When software developer Gavin Andresen ’88 first learned about the decentralized digital currency Bitcoin in 2010, he was so enamored with the concept that he wanted to share it with the world. So he spent $50 on about 10,000 bitcoins and began handing them out, five at a time, through a website called the Bitcoin Faucet. “It turns out that giving things away for free is a good way to become pretty popular,” he jokes.
The five bitcoins, worth pennies at the time, trade for more than $700 today. As chief scientist of the Bitcoin Foundation, Andresen (who was known as Gavin Bell at Princeton) now leads the development of the open-source computer code that supports bitcoin transactions. His salary, appropriately, is paid in bitcoins.
Bitcoin is a “crypto-currency,” managed by cryptography and set in motion by its creator, who uses the pseudonym Satoshi Nakamoto. The supply of bitcoins grows on a pre-determined schedule, with the number of newly generated coins declining over time. Users hold their bitcoins in password-protected digital “wallets” and use private “keys” to unlock and transfer funds from wallet to wallet over a computer network.
To the uninitiated, the concept of a currency that is not issued by any government or central authority may be hard to grasp, and one of Bitcoin’s challenges, Andresen says, will be to expand beyond its existing group of tech-savvy users. Even with limited adoption, the 4-year-old currency’s growth has been remarkable: As of Oct. 15, bitcoins in circulation had a total value of more than $1.8 billion, according to the Mt. Gox exchange, a website that facilitates the buying and selling of bitcoins. The price fluctuates more than traditional currencies, frequently changing by 5 percent in a day and occasionally taking more severe dips and jumps.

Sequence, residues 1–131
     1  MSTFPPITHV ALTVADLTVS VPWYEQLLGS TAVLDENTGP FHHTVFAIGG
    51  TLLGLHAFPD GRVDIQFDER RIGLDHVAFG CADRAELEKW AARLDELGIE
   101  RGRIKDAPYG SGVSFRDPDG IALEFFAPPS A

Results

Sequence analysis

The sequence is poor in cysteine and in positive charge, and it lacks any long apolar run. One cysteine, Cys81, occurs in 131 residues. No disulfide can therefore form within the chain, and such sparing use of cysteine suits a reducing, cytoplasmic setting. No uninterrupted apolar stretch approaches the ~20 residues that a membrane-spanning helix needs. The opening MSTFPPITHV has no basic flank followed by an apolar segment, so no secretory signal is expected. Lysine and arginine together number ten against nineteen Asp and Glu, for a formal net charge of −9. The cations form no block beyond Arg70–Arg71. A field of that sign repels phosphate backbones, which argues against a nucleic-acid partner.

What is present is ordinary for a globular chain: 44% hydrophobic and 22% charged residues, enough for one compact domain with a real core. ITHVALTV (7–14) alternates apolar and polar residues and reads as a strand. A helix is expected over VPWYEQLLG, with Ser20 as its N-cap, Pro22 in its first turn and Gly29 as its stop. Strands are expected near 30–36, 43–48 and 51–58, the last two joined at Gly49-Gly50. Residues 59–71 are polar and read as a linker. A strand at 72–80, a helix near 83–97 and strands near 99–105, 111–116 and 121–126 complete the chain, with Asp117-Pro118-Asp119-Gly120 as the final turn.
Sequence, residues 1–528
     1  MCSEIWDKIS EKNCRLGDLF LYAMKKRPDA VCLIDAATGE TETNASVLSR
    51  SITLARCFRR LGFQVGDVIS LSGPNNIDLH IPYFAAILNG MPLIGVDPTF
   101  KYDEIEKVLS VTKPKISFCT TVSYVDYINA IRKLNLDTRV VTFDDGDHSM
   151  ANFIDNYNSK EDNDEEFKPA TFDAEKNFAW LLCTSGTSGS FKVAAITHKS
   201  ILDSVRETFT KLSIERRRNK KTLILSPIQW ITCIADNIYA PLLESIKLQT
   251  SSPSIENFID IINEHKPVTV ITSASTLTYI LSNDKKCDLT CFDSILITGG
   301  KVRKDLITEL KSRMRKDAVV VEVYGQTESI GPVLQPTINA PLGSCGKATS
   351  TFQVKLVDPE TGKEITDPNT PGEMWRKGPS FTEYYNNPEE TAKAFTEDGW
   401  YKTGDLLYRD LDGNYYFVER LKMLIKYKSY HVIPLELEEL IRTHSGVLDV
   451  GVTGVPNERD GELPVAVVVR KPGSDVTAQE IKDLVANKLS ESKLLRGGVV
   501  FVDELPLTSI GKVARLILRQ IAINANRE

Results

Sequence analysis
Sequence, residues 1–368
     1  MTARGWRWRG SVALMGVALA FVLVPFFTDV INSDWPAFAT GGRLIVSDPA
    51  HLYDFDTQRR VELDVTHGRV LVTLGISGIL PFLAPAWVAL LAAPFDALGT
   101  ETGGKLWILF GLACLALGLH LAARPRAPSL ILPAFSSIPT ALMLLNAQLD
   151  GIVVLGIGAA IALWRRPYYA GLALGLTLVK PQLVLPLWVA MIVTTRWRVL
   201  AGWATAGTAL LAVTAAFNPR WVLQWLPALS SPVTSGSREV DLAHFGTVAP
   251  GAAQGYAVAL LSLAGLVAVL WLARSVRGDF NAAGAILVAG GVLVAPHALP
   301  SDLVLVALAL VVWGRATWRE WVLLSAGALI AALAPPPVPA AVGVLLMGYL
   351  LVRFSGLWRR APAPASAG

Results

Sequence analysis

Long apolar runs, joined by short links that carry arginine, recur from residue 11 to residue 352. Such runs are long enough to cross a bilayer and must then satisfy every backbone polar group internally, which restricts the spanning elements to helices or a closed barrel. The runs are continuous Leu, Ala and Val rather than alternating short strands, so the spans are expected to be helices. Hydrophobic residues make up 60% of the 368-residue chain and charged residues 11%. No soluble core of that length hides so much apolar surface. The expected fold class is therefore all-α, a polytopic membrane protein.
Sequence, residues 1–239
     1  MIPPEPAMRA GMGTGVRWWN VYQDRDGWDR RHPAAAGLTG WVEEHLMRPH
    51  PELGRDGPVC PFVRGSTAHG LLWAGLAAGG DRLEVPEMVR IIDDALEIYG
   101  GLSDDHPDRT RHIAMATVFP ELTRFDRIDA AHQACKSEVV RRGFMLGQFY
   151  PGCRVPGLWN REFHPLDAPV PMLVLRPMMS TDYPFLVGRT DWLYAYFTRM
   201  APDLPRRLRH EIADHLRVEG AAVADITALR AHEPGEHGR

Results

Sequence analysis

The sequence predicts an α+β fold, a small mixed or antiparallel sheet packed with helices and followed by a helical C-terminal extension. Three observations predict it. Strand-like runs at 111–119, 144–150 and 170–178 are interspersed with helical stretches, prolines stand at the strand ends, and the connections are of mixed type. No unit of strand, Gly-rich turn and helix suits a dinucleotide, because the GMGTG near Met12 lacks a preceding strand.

Because bitcoin transactions are anonymous, fans of the currency have included illicit enterprises such as online gambling sites and the underground drug-dealing market Silk Road. Andresen admits that the currency had some unsavory early adopters, but he adds that if it were a technology just for criminals, he would not be devoting his life to making it more efficient and secure.
Andresen points instead to Bitcoin’s practical benefits. This fall, he and his wife, Michele Cooke-Andresen ’89, are living in Australia. If they wanted to transfer Australian dollars to a friend at home in Massachusetts, the transaction would be a major headache. But the same international transfer is easy with bitcoins, he says, because there are no exchange rates or fees.
Bitcoin users can purchase real-world goods and services from hundreds of participating retailers, but familiar companies that accept the currency are few and far between. Andresen converts a significant portion of his salary into dollars and advises that people “only invest time or money in Bitcoin that you can afford to lose.”
Despite the volatility and uncertain future, Andresen says he is excited to hold a job that was unimaginable when he was an undergraduate at Princeton: “It definitely feels like I’m living in a science-fiction novel.”